However, the plan did not provide “skimpy” benefits. With no pre-existing conditions when I purchased the plan, I chose to pay for a comprehensive plan that provided coverage for serious illnesses, including emergency room and ambulance care, mental-health benefits, MRIs with authorization and other good benefits.
Yet, on Oct. 1, I, too, received a letter explaining that my plan was being canceled because it did not conform to the ACA reforms. None of the new plans offered included any “reductions in premiums.” In fact, they included another yearly increase of about 18%. To date, I haven't found any similar alternatives, even on the exchange for my state.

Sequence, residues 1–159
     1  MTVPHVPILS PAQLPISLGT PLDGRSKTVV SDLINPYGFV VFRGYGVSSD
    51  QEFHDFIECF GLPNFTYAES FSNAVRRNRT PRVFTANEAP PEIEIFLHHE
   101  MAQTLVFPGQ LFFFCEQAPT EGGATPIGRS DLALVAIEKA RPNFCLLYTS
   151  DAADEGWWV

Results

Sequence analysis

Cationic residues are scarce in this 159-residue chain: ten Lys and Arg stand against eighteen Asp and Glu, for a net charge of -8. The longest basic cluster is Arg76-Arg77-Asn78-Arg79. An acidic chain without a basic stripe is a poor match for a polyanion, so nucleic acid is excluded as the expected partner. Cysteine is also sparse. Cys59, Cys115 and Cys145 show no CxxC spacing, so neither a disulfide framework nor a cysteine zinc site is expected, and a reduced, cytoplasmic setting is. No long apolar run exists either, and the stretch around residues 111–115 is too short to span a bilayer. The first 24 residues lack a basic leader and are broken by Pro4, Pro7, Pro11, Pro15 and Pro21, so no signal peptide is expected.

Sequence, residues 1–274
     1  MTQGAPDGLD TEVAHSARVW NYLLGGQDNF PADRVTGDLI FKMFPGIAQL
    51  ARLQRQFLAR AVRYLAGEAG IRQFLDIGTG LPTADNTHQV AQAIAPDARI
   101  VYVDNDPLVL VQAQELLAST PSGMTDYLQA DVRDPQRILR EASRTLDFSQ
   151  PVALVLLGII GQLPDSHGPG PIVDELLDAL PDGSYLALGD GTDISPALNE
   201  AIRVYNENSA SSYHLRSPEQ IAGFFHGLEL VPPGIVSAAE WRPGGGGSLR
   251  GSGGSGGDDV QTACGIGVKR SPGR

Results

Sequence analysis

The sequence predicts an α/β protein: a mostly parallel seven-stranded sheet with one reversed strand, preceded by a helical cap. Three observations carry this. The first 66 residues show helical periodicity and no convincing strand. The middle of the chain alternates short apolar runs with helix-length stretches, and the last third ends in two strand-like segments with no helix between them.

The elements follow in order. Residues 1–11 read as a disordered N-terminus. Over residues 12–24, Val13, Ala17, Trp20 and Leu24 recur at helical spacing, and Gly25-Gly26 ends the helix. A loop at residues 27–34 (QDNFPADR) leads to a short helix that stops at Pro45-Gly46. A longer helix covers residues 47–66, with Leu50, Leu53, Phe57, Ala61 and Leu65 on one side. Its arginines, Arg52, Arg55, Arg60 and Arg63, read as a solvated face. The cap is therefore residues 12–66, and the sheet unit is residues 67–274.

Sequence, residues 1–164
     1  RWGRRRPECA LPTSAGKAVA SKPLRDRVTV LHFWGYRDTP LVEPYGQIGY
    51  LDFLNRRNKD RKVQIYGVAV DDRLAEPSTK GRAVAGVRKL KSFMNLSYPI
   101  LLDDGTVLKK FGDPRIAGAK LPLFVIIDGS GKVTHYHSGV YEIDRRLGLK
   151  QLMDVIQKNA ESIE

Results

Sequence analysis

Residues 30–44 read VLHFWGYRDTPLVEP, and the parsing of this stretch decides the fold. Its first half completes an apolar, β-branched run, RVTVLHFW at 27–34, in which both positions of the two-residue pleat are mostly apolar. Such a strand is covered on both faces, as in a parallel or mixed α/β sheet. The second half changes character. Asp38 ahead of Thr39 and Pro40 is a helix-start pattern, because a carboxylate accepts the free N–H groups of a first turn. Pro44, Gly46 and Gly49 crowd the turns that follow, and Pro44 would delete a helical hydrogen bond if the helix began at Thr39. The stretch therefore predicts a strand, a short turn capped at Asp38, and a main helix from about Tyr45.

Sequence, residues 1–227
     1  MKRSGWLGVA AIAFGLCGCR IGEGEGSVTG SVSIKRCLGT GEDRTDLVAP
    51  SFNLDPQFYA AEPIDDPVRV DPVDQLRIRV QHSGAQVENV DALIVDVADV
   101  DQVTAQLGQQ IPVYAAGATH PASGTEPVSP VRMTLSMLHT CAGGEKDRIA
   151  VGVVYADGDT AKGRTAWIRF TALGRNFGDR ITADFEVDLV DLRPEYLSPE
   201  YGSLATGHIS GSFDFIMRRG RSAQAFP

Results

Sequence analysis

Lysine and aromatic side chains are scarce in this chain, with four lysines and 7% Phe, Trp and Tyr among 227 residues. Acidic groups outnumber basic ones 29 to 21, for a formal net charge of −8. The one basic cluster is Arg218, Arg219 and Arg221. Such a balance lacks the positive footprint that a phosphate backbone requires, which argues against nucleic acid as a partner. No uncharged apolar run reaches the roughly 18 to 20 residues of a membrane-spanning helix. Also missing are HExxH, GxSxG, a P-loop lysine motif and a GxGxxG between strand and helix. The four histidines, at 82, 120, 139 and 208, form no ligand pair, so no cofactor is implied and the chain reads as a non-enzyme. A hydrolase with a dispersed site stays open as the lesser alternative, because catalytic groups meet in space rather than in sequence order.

All this confirms the conclusions about healthcare reform I have had for years. It is not about the delivery of healthcare or the services (although improvements always can be made regarding patient safety, tort law, etc.). It is about the convoluted and uber-expensive, third-party reimbursement of healthcare that needs reforming.
Dak Systems ConsultingSan Mateo, Calif.